We discussed a new California law which requires certain California corporations to include a certain number of women on their boards of directors here. In short, this rule requires those publicly traded corporations which are based in California to have at least one female director on their boards by the end of 2019. In the following years, additional females will be required for some corporations based on the size of their boards.
As we also discussed in our previous article that an equal protection challenge to this new law seemed inevitable. On August 6, 2019, this inevitable challenge was filed in the County of Los Angeles. The lawsuit challenges the female quota rule on the basis that it violates the California constitutional provision providing for equal protection. Under this provision, all persons must be treated equally, regardless of any classifications (such as gender).
The lawsuit argues that by calling for a mandatory quota of women on the corporations’ boards, the genders are not being treated equally. Opponents of this requirement argued during the previous legislative session that potential board members would be assessed and chosen not on their merits, but instead on the basis of their gender. This, according to the lawsuit, is the type of treatment the equal protection clause seeks to protect against.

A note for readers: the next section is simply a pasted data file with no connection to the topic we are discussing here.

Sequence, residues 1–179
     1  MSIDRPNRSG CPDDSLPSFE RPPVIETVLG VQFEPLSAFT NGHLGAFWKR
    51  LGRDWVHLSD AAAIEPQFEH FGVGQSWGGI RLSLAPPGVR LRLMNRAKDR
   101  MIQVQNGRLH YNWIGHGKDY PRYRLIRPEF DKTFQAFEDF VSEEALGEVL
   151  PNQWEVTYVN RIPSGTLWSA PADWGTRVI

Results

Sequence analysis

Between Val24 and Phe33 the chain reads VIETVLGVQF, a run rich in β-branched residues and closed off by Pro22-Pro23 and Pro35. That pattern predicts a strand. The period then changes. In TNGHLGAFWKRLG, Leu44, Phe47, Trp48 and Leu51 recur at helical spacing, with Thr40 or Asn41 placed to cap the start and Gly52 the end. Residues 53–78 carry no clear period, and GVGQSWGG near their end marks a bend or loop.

The complaint further states that because the rule classifies persons on the basis of their gender, it must be subject to strict scrutiny – the highest level of review in these types of challenges. In order to defeat this lawsuit and continue implementing the new rule, California will need to show that the rule is justified by a compelling government interest, and that the rule’s use of gender classifications is narrowly tailored to serve that compelling interest.
When this rule was signed into law almost one year ago, then-Governor Brown stated “serious legal concerns have been raised” regarding the rule, and the potential that it was not compliant with the California Constitution. These legal concerns are now being brought to light as the rule is challenged in a court of law. Because this rule provides looming deadlines for those corporations subject to the rule, this case will likely be watched by many.